- Arts & Literature
- Science & Technology
By Alex Lynchehaun
A van crashes through the trees in the desolate backcountry of America. On board, a stock collection of archetypes: the jock, the dumb blonde, the comic-relief stoner. After meeting a creepy old man spouting proclamations of doom at a gas station, the gang head on to an isolated cabin in the woods. You think you know where this is going, right? At the same time a bizarre sitcom unfolds, set in a high-tech office where the banterous co-workers seem to have far more knowledge about the plot than the audience. As these two stories converge, you’re left with no idea about where the film is going to end up.
And that’s a pretty big problem in reviewing the film. A lot of the best moments come from the shock of the unexpected on the screen as the action deftly misdirects one way only to morph into something else completely. And the ride is certainly worth it. It’s not perfectly executed – on several occasions the story writes itself into corners with no satisfactory way out – but the sheer creativity it revels in is a joy to behold in a genre so often lacking originality. The trailer is a perfect taste of the themes of the film, with the clips shown teasing just enough to leave you with an idea of where you think it’s headed that will almost certainly prove to be wrong. With the pedigree of filmmakers though, that is only to be expected; the team of Joss Whedon and Drew Goddard have many years of experience in subverting genre expectations in projects such as Buffy, Firefly, Lost and Cloverfield.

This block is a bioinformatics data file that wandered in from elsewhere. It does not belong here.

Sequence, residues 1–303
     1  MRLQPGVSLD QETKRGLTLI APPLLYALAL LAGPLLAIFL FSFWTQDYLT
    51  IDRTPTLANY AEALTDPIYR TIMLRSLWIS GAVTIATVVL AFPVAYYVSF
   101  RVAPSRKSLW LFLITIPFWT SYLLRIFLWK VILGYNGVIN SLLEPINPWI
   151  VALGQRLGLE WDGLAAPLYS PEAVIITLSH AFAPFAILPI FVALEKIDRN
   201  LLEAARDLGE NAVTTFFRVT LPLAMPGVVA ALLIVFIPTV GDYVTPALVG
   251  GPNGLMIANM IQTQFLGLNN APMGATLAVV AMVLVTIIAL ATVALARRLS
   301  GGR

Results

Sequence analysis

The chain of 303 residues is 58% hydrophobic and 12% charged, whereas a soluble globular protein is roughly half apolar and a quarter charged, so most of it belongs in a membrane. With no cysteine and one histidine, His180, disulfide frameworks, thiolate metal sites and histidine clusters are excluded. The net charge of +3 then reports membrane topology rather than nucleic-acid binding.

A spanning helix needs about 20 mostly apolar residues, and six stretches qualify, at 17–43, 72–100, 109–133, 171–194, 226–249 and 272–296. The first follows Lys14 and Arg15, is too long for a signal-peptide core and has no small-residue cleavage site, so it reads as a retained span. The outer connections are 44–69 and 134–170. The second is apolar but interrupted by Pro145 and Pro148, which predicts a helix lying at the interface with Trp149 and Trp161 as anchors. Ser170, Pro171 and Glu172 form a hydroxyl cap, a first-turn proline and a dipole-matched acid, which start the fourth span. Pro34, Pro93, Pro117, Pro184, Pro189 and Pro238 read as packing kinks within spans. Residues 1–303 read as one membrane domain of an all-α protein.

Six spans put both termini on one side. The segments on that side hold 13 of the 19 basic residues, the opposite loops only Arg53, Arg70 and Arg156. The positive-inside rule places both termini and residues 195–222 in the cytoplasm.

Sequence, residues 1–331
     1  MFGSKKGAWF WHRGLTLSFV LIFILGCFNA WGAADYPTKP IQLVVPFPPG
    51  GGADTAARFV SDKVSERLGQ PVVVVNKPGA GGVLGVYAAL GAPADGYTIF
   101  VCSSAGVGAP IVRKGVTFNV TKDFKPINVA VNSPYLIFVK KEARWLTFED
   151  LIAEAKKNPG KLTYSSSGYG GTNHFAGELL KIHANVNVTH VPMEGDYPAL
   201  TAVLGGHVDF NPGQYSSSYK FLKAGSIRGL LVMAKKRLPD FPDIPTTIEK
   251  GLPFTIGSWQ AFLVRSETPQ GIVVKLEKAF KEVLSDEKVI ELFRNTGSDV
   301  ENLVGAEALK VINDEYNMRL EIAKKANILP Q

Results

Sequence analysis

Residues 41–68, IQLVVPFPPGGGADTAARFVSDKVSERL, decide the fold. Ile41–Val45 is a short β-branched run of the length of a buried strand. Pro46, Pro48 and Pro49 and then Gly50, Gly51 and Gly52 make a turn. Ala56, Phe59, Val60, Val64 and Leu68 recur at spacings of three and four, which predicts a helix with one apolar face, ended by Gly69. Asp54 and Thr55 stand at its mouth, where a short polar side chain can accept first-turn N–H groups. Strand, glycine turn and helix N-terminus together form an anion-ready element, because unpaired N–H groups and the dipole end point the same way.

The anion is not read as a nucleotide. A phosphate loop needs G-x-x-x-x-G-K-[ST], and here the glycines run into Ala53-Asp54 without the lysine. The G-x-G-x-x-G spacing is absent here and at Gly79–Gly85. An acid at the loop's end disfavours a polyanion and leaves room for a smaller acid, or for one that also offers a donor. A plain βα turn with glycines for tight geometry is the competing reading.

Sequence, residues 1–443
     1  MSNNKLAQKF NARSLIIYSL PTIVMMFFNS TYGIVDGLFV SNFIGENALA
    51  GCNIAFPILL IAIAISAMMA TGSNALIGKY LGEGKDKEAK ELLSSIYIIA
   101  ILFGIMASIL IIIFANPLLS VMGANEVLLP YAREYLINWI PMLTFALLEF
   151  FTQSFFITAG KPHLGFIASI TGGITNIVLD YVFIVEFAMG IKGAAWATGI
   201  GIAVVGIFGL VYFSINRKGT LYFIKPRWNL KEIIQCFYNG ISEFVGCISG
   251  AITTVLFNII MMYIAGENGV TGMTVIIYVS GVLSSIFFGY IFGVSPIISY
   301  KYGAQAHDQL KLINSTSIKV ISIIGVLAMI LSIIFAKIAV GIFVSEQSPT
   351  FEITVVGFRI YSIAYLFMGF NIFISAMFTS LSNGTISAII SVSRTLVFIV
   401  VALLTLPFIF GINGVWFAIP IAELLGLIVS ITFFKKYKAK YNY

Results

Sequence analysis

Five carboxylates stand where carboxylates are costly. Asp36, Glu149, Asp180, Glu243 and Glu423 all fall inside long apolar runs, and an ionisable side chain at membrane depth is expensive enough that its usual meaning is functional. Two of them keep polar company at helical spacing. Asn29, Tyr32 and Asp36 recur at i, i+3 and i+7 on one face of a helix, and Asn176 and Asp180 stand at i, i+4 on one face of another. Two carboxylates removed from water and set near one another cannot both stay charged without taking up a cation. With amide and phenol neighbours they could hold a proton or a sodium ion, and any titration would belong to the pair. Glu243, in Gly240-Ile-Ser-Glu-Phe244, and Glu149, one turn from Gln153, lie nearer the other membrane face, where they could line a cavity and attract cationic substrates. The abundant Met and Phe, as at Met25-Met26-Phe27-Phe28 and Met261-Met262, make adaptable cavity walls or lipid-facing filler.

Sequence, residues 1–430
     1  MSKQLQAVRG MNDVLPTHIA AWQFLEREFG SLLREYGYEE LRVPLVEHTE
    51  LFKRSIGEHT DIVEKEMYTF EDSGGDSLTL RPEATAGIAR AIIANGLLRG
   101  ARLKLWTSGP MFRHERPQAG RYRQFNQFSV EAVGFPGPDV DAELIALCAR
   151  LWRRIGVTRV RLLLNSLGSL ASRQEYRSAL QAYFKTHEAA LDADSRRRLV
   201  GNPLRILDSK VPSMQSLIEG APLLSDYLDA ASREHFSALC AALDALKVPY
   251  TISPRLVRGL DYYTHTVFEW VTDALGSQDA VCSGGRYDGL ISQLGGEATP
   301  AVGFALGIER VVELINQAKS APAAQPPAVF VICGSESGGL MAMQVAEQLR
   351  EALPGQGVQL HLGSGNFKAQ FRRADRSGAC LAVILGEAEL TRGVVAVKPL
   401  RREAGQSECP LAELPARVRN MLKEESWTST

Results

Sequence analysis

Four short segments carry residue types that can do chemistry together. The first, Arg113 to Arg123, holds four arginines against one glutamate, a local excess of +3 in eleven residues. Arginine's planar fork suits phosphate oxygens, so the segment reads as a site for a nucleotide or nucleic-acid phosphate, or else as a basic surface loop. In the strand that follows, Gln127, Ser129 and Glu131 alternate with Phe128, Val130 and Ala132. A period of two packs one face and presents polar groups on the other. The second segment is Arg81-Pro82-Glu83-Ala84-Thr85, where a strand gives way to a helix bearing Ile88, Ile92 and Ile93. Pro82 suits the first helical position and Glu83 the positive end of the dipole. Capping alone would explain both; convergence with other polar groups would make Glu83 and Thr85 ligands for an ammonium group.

It’s all too easy to easy to compare the film to Scream, as both offer interesting critiques on the genre. But to do so is to overlook the main weakness of Cabin in the Woods. In the early 90s the horror genre was in dire straights. Many thought it was finished, fit only for straight-to-video B-movies. Scream came out and tore those films apart, and in doing so earned millions of dollars and revitalised the genre. Since then the horror movie has been declared to be dead with depressing regularity. But horror never dies; it just finds a new hook. In the past decade that has been the torture porn of the Saw movies and the homemade feel of Paranormal Activity. When Scream 4 was released last year, this was a point it completely missed, and it consequently lacked all of its bite because of how dated and irrelevant the jokes were. And it’s a trap that Cabin in the Woods unfortunately falls into too. Every poster for the film shouts the phrase “game-changer”, and maybe ten years ago it would have been. But it’s not going to have any lasting effect on an industry that has already forgotten the tropes it’s parodying.
And that perhaps is the biggest tragedy of Cabin in the Woods. It’s an excellent film, and one I wouldn’t hesitate in recommending. But it feels like a throwback, rather than insightful commentary. So while it’s enjoyable, it’s no Scream.